According to Transport Canada 400 fatal crashes a year in Canada involve heavy vehicles like semi-trucks.
As we approach the 2-year anniversary of the tragic Humboldt Broncos bus crash, we remember the terrible tragedy faced by the Humboldt community – killing 16, injuring 13, and leaving a community forever impacted.
Canadians rallied to show their support - from hockey sticks left on porches, to fundraising efforts in support of the impacted families. The strength and support of the Humboldt community lives on.
Since that time, provincial governments across Canada have begun to enact laws that ensure all heavy truck operators have standardized mandatory entry-level training programs – Alberta, Manitoba, Saskatchewan and Ontario among them.
Working towards safer roads.
However, large commercial vehicles are involved in an increasing number of fatal collisions each year. The safe operation of larger commercial vehicles remains a serious road safety concern.
- Ontario saw an 800% increase in fatal collisions in 2018 compared to the previous year, according to an Ontario Provincial Police report.
- Heavy truck related fatalities increase every year (since 2008), according to the American National Highway Traffic Safety Administration.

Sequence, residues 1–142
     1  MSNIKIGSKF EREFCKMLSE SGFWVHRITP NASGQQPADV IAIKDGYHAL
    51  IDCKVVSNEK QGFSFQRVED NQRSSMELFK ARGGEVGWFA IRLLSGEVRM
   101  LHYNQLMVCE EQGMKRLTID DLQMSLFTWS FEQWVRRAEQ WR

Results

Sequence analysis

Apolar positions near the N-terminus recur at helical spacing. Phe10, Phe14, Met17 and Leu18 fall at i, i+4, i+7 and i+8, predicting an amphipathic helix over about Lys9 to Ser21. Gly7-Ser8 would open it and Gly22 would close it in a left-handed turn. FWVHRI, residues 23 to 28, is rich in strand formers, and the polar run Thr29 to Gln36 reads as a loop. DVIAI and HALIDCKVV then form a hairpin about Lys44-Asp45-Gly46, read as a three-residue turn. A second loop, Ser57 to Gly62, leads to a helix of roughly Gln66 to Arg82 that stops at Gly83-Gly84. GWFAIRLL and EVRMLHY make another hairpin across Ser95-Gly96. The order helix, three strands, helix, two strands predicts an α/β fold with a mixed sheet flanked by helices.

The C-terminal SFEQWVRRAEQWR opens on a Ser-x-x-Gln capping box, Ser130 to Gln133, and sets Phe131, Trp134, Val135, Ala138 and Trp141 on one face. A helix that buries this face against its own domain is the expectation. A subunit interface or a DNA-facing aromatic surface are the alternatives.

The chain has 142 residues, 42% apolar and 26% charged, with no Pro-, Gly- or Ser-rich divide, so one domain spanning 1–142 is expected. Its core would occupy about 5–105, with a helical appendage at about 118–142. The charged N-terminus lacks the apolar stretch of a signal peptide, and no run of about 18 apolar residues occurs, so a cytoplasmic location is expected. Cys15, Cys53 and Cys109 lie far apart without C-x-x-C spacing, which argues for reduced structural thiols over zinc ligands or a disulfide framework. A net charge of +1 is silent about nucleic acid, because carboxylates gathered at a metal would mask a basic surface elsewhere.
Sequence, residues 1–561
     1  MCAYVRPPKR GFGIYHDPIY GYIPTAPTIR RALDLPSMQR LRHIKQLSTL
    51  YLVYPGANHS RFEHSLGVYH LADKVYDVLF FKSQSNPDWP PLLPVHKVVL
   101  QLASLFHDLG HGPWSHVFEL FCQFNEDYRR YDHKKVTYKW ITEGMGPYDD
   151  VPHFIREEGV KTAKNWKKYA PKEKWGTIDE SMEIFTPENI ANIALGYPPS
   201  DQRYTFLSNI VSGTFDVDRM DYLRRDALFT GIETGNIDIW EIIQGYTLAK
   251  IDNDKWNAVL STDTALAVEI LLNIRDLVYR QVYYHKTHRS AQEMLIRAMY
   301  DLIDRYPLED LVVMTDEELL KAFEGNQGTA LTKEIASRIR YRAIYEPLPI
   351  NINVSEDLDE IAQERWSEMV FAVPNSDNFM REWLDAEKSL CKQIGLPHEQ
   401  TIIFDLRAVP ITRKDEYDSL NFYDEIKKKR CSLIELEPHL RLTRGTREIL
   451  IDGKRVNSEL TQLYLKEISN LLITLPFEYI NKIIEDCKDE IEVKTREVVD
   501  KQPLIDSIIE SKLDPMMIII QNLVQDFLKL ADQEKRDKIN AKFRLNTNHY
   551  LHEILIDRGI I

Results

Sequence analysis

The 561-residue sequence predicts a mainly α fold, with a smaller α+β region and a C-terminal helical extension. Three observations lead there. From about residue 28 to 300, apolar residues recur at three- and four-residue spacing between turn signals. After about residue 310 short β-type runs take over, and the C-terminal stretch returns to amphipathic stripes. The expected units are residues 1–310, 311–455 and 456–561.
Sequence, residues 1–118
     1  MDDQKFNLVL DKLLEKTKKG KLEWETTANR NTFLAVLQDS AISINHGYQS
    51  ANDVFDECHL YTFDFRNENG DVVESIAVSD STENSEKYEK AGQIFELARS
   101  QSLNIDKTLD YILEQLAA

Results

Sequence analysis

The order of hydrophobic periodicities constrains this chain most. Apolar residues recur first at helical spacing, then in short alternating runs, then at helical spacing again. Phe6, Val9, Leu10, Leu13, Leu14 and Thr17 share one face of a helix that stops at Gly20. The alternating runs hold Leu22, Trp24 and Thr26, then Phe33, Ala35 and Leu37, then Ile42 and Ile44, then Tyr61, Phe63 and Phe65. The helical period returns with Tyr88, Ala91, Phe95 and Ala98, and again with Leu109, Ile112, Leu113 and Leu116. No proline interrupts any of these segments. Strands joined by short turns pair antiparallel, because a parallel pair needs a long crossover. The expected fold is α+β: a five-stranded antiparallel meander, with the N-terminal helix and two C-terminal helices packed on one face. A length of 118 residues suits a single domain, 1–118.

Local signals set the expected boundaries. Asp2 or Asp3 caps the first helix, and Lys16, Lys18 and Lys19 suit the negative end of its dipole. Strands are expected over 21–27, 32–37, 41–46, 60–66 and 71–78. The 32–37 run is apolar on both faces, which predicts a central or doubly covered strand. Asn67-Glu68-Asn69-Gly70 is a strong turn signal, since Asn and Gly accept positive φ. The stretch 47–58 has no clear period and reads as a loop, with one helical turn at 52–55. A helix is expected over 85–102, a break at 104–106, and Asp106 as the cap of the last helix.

To address the issue of fatal collisions by operators of large trucks an organization called Safer Roads Canada is taking action. Their mission is to advocate for more effective commercial driving regulations and enforcement, a nation-wide graduated commercial licensing system, and educating all drivers on how to share the road with large vehicles.
Pattie Fair, whose husband was killed in a crash that involved a novice heavy truck driver in British Colombia, leads the organization. The board also includes a few members who lost loved ones in the tragic Humboldt event.
Safer Roads Canada is a great example of an organization taking meaningful action to address the safer operation of large commercial vehicles, and making our roads safer for all.
For more on Safer Roads Canada click here.